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Defying odds to learn

One of our older, original boys who lives on Doyle Farm is currently in Class 4 (Year 12) at school and hopes to go to university once he graduates. Abe is really upset about COVID-19 …

One of our older, original boys who lives on Doyle Farm is currently in Class 4 (Year 12) at school and hopes to go to university once he graduates.

Abe is really upset about COVID-19 as it means instead of completing his schooling in November he has to repeat his final year when schools reopen in January.

He has been with us since the first boys house opened over 6 years ago and is a quiet, studious young man with a story which will break your heart in two.

His early life set his brain into believing he was not good enough and his voice was unimportant. He is working really hard with our amazing team at Rafiki Mwema to change the way he sees himself.

Working hard to make a change

He recently shared his daily boarding school timetable with Anne-Marie, our Co-Founder and Director. She said she was surprised with his ability to learn in such a challenging environment.

“I am in shock at the long, long days and now understand his need to sleep, sleep, sleep when he gets home during the holidays,” she said.

“I am still trying to imagine how anyone can retain anything they learn in this environment.”

This is what Abe told her…

“Every morning I wake at 3:00 a.m. when the House Master turns on the lights. No one refuses to get up as punishments are physical and painful. We have an hour to prepare ourselves for the day ahead of us before arriving in our classrooms at 4:00 a.m.

“We study until 6am when we have an hour break for our breakfast. As you can imagine we are very hungry at that point, but the food at school is pretty light. Once we have finished breakfast we are back in the classroom where we work on our different subjects, with a break for lunch, until the class closes at 4:30 p.m. We then have a break where we take tea and wash our clothes ready for school the next day. I am usually tired already by this time, but the day is far from finished.

“We report back to class at 7:00 p.m. and we have an hour maths tuition before classes close for the day and we start our prep and individual study until 11:00 p.m. At that point I crawl to my bed and set my alarm for 4 hours later for my day to restart at 4:00 a.m. again the next morning.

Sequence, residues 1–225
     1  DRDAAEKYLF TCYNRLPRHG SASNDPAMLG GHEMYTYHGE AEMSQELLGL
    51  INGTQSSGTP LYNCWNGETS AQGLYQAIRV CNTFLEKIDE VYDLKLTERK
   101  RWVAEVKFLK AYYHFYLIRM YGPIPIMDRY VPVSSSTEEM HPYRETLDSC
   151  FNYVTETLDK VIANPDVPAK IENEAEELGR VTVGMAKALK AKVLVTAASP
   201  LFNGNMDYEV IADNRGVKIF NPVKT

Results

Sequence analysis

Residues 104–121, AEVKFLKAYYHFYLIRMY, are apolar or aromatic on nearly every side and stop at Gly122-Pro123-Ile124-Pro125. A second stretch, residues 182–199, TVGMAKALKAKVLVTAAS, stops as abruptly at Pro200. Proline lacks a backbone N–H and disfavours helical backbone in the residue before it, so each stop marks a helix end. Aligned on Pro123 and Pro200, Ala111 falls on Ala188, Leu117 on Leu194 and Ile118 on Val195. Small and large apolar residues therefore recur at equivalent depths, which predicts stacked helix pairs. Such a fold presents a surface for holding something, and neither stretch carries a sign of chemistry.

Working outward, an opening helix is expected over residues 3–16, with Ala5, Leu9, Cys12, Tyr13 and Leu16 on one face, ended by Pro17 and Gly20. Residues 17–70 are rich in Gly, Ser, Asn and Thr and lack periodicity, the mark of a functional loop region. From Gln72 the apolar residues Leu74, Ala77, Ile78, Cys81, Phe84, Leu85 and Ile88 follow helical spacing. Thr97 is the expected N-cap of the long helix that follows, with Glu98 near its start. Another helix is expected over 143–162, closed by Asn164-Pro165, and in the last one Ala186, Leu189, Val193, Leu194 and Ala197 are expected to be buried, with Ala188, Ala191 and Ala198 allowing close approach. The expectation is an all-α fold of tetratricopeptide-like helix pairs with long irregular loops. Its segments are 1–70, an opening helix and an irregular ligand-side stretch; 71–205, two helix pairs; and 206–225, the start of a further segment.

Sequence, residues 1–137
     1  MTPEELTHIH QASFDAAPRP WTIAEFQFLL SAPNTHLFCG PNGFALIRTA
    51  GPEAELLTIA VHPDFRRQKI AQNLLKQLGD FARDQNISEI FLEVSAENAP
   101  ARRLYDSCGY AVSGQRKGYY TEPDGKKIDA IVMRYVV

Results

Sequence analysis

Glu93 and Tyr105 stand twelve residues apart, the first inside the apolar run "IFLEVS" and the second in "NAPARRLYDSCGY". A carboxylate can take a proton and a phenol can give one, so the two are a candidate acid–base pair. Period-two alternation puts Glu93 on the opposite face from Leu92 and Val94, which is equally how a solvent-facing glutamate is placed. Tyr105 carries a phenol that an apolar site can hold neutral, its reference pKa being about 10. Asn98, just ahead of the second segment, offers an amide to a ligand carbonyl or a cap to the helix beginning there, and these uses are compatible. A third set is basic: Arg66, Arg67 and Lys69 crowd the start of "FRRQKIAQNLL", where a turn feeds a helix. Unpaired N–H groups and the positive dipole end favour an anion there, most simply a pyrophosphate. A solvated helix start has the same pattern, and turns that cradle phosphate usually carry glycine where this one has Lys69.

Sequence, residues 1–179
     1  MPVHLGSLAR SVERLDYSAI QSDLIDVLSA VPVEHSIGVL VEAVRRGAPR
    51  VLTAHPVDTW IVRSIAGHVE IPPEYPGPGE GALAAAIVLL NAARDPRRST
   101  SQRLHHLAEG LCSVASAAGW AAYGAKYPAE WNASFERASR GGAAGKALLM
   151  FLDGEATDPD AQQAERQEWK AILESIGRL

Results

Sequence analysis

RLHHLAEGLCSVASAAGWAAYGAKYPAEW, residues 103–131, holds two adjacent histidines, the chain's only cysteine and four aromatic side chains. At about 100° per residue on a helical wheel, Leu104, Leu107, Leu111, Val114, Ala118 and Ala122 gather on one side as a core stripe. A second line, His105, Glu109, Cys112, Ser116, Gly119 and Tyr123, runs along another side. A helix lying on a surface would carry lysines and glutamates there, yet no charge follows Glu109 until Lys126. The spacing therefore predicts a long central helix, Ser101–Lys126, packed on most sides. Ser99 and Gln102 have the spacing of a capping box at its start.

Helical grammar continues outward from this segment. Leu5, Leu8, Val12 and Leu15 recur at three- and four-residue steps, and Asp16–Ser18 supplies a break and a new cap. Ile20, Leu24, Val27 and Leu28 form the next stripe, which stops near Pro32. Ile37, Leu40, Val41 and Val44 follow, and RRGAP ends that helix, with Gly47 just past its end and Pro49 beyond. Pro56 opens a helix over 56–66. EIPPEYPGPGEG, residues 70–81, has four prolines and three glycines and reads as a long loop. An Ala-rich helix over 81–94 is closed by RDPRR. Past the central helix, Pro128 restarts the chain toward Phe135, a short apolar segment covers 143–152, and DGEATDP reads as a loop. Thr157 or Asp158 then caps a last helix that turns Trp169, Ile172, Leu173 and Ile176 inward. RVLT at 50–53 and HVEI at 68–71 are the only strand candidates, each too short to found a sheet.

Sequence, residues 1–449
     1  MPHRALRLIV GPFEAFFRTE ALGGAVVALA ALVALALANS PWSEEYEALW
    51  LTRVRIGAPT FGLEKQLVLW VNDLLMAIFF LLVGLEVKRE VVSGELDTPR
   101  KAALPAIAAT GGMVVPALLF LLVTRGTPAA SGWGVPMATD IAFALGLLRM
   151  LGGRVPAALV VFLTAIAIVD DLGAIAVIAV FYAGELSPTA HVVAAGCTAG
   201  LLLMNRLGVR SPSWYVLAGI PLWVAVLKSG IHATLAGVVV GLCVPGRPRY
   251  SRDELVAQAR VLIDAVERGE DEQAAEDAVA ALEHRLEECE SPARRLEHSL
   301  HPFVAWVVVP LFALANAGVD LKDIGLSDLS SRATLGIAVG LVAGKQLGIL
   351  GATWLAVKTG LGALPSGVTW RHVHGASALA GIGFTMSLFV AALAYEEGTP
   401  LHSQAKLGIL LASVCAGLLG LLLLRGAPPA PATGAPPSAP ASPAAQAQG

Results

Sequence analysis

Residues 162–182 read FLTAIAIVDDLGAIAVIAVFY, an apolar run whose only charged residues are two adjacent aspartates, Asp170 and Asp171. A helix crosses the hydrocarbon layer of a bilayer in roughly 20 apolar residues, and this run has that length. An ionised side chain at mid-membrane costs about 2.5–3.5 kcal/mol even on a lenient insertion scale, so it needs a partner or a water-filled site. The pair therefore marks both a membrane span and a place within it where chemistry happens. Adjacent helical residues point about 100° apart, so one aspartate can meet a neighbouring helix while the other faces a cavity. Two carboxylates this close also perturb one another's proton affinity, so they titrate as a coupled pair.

“I love school as I know how important education is and I really want to be the best person I can be. Rafiki Mwema have invested in me and I want to show them that they invested wisely.

“Being at home for so long because of COVID-19 is very tough, partly because I have too much time for my head to remember the horrors of my childhood. I have recently started working to better understand the empty feelings I can often have. I find it hard to trust and am really sad that my one true friend left Rafiki Mwema recently and I feel very alone.

“This is a great place to live. The directors recognise that we boys can get bored very easily and for some of them they get a bit difficult to live with. I have only ever been in trouble once at Rafiki Mwema and it upset me so much.“In my talks with the staff I know that one day I will be able to let out all the built-up feelings I have inside and maybe I will show people how I feel inside. Maybe, but I’m not ready yet.”

Abe is a beautiful young man who is a wonderful role model for our Rafiki Mwema family. We can see it and we are working hard for him to see it too.

Without us, this young man would never have left the street and discovered his love of learning. We are so eternally grateful that you don’t turn your backs on these incredible children and hold their hands into their future.

Find out how you can help our African based childrens charity, Rafiki Mwema.


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